The Australian government realized that there are various diseases that exist in the country which are still not given proper attention and cure. Diseases like mental health issues are still considered to be taboo in many places of the world. Australia wanted to take this initiative in formulating a health care plan that will mainly focus on the diseases that are still undercover and lacking proper care (Bik-Multanowska et al., 2022). This plan will help millions of people in getting better treatment and cure remedies for those diseases that fall under the nine areas of priority.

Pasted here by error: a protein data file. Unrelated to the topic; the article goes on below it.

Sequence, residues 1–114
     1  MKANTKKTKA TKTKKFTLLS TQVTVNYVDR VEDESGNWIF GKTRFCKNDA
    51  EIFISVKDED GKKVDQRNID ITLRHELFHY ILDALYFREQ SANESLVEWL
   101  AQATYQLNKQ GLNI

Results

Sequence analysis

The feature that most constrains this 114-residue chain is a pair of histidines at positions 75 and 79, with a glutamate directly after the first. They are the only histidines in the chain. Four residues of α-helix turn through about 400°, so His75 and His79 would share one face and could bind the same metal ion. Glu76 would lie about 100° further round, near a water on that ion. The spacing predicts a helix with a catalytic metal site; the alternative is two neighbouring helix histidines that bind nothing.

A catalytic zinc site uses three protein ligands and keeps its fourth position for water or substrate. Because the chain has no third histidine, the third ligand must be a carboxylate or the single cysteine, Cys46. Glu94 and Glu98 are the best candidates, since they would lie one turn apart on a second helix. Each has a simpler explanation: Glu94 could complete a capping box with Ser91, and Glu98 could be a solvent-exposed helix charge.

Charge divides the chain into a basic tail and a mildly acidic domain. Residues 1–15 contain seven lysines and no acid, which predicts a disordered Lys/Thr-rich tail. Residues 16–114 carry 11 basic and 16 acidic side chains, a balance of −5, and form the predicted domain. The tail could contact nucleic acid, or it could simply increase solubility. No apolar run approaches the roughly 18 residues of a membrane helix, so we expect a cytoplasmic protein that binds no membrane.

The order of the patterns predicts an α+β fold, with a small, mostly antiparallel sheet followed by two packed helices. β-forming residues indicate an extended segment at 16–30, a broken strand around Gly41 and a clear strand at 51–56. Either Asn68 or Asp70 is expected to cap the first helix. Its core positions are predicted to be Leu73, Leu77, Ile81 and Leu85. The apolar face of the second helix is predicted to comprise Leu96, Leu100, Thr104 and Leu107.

Chronic disease is known as a condition that commonly lasts for one or more years, and it requires ongoing treatment and medical attention and also limits the activities of regular living(Seaton et al., 2019). There are various types of chronic diseases that exist in Australia, which is a burden to the country as it takes away the lives of many each year. People suffering from chronic conditions suffer both physically and mentally. Chronic conditions in cumulative forms are also known as non-communicable diseases. Non-communicable diseases have a mortality rate of 41 million per year which contributes to 71% of the total death rates. There are various types of chronic conditions that contribute to the total death rates in Australia. In the year 2014-2015, more than 3% of the total population of Australia reported having Coronary health conditions for a long period of time (Engelman et al., 2019). It is estimated that more than 1.7 million Australians are diabetic patients. This data represents the number of patients who are registered and known. Cancer is considered to be a major illness in Australia, and it has a substantial economic and social impact on the life of the individual who suffers from this illness (Nisar et al., 2021). Asthma is more common in the 0-14 age group male among which females above the age of 15 have asthma more percent (Xu, Jones & Mishra, 2020).